Consumers can now use the Facebook Messenger tool to unearth sold data on more than 90 million properties thanks to an application programming interface (API) integration with Onboard Informatics. This allows potential sellers to perform their own quick and dirty comparative market analysis (CMA) …

  • HomeHawk earned a 4-star review a year ago and has since added more tools to keep consumers engaged, including the ability to let homeowners collect market data and home estimates.

Have suggestions for products that you’d like to see reviewed by our real estate technology expert? Email Craig Rowe.

Like agents, chatbots must learn new skills to stay competitive. Since my initial review a year ago, HomeHawk has done just that.

Consumers can now use the Facebook Messenger tool to unearth sold data on more than 90 million properties thanks to an application programming interface (API) integration with Onboard Informatics. This allows potential sellers to perform their own quick and dirty comparative market analysis (CMA).

Users can also ask HomeHawk for an estimated value of their home, which includes a range for high and low projected sale prices in case the seller has had recent renovations that could add value.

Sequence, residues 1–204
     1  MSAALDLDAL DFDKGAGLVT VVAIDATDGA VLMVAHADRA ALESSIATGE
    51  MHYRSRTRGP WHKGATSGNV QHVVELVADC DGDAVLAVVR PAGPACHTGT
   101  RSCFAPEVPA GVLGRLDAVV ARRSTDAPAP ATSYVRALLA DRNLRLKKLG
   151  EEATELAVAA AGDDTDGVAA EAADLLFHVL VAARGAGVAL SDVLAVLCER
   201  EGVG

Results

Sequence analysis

The app is ultimately designed to be a lead warm-up tool for agents — there is no intent to dislodge the agent as the service provider.

It is, however, another example of the industry shift from data provider to service provider; today, consumers come armed with information, and agents have to show them how to use it.

HomeHawk has also included a library of witty GIFs into its chats to “cater to a new generation of homebuyers so it’s more fun to explore,” founder and CEO Erik Johnson told me.

The app can be launched directly form HomeHawk’s homepage. I was very surprised to see that, despite it being almost a year since using the chatbot, our last conversation was intact.

HomeHawk can also retrieve a home’s tax information “property taxes” or “tax records” commands.

In March, as part of its handling of the Cambridge Analytica scandal, Facebook put a hold on approving new apps until it could complete an audit of how current vendors use customer data. But because HomeHawk was launched more than a year ago, its updates were not impacted by the audit.

“… we were already in there, so we were not affected,” Johnson wrote in an email to Inman. “I know they have some exciting things coming down the road to make Messenger even better for businesses.”

Facebook is also expected to create new standards and usage rules for Messenger developers.

Have a technology product you would like to discuss? Email Craig Rowe.

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